INTRODUCTION: One of the world's best-known makers of Grand Prix racing cars -- Lotus -- is once more putting its reputation for innovation to the test.
GVs Team Essex Lotus racing car (2 shots)
SVs Front of car and new suspension (2 shots)
SV Side of car ZOOM IN TO CU distance of car's underside from ground
SCU & SV Rear suspension and rear of car showing engine (2 shots)
GV Rear of car showing new aerodynamics
CU Air intakes for carburettors
SV Cockpit (2 shots)
SV & GV Side of car (2 shots)
SV Reporter interviewing Colin Chapman
SPEECH OF FILM (TRANSCRIPT)
MALLARD: "Colin, the first and leading question has to be 'Is it legal'?"
CHAPMAN: "Well, yes. I rarely go to the trouble of designing and developing a car for 21 months, and make it, unless I was absolutely sure it is legal. Yeah."
MALLARD: "Is it a ground-effect car?"
CHAPMAN: "Eh? Oh yes. For sure. The underside of the car is contoured such as to produce negative lift, to increase the breadth of the car on the road, and to increase the safety of the car."
MALLARD: "And is there a fixed gap at the bottom of the car, or is that going to be a movable feast?"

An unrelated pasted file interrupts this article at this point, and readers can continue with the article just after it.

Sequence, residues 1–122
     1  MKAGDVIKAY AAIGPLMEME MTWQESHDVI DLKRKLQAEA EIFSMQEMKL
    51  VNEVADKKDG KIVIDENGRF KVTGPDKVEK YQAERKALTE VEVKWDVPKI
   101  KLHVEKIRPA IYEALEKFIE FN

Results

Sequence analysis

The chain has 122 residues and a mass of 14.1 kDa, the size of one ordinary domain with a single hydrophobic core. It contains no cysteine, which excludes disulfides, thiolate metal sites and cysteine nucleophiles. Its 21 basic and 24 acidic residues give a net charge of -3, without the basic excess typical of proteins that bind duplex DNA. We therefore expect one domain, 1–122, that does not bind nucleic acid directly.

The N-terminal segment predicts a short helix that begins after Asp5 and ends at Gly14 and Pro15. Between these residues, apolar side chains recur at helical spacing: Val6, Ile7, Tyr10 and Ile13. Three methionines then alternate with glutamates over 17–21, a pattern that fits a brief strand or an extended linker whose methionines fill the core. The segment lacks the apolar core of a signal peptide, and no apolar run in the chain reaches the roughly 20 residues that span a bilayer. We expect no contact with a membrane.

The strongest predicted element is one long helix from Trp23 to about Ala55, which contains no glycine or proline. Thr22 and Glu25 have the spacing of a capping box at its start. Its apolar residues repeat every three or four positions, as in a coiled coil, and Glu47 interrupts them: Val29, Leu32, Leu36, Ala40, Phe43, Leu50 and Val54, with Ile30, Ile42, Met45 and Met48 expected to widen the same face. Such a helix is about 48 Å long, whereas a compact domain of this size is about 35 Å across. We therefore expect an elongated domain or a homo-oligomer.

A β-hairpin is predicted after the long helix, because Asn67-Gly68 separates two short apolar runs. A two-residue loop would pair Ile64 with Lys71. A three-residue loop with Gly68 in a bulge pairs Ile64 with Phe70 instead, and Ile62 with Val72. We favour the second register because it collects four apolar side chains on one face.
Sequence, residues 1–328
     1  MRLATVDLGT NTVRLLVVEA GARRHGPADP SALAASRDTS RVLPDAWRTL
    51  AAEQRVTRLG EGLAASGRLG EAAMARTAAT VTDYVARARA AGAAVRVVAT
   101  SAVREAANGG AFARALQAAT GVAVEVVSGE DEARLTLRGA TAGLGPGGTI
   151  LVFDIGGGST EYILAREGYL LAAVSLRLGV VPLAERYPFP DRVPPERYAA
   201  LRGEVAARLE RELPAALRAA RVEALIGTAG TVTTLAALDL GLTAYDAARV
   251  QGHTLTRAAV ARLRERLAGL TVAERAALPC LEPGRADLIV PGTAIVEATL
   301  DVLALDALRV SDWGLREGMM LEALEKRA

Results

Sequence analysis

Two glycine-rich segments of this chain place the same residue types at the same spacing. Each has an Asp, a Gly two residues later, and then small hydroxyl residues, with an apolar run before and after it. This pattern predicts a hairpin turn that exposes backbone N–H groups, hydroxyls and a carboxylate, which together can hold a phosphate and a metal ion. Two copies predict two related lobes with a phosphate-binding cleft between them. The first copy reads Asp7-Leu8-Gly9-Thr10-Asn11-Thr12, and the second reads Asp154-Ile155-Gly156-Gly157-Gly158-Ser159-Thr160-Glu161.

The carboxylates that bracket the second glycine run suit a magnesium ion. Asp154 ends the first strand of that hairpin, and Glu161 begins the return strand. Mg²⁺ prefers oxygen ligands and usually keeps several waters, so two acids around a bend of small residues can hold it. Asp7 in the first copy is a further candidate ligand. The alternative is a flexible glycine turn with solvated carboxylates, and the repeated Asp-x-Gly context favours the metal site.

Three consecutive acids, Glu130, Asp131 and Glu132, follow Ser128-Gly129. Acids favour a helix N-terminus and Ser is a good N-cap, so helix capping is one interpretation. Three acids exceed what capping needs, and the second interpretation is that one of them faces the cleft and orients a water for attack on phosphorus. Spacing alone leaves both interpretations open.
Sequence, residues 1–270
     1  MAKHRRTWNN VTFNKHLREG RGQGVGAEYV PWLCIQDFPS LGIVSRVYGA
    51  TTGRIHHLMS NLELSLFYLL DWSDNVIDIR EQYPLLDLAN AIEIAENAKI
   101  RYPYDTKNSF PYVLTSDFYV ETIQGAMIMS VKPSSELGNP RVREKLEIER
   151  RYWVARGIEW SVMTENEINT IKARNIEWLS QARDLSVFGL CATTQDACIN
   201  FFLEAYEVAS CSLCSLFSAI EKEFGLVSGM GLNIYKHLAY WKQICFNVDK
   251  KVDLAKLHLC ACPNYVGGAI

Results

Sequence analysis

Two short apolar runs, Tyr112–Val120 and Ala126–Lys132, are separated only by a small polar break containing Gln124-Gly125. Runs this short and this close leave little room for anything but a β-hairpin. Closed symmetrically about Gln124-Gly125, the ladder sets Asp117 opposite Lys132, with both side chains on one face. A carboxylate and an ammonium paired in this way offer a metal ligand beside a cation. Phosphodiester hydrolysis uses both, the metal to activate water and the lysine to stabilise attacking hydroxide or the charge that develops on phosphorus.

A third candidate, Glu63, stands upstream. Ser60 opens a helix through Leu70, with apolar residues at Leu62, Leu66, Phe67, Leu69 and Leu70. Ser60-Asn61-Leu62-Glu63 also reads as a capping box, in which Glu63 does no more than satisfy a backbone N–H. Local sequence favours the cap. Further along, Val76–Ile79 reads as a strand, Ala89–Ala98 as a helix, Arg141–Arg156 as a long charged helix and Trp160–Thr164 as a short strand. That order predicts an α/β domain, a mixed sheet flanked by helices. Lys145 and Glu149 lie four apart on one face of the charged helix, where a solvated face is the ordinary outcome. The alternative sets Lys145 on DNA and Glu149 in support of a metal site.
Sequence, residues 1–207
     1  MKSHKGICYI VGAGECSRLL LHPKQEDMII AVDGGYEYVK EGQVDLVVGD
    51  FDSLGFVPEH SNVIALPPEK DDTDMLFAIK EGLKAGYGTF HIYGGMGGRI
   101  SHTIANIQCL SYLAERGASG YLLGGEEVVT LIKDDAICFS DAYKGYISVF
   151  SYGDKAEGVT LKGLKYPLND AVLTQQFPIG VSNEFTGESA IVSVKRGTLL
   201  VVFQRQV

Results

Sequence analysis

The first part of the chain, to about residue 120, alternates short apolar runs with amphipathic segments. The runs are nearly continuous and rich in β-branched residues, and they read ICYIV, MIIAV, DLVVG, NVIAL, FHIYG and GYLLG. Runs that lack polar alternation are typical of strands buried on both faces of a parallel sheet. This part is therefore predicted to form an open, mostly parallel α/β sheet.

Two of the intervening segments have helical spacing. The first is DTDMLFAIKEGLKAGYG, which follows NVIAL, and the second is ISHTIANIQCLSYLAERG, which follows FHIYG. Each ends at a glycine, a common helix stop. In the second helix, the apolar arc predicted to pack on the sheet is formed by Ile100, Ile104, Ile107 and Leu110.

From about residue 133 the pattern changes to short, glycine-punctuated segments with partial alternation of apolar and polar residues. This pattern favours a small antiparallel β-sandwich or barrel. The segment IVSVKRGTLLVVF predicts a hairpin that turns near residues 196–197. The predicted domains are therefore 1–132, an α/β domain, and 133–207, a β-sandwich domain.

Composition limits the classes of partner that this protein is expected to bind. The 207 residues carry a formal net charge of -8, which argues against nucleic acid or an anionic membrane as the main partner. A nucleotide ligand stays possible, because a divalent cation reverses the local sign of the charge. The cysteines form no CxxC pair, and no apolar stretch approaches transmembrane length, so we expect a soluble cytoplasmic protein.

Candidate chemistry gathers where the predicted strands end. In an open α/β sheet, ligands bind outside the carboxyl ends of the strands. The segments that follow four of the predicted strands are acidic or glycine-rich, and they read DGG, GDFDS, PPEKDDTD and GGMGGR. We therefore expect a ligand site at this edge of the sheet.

CHAPMAN: "The gap, as required by the regulations, is six centimetres, and we fully comply with that requirement."
MALLARD: "So that you feel that you're within the 1981 FISA regulations?"
CHAPMAN: "One hundred per cent. Yes."
SPORT: MOTOR RACING
REPORTER: NEIL MALLARD
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Script is copyright Reuters Limited. All rights reserved
Background: INTRODUCTION: One of the world's best-known makers of Grand Prix racing cars -- Lotus -- is once more putting its reputation for innovation to the test. After nearly two years' secret work, a new Lotus car has just been shown in London. The new Lotus T-88 will race for the first time on Sunday (15 March), in the United States Grand Prix at Long Beach, California. However, there were reports that rival car makers would protest against the Lotus when it arrives in Long Beach. Spokesmen for the Williams and McLaren marques said they would lodge protests when the Lotus was officially examined.
SYNOPSIS: Known as the T-88, the new car has been designed especially to meet new regulations introduced for the 1981 racing season.
The skirting around the bottom of the car has been eliminated. Instead, there's a new suspension to carry a unique double chassis. The inner frame ensures better road-handling and more driver comfort.
In London, Visnews reporter Neil Mallard asked the head of Lotus, Colin Chapman, about the new car.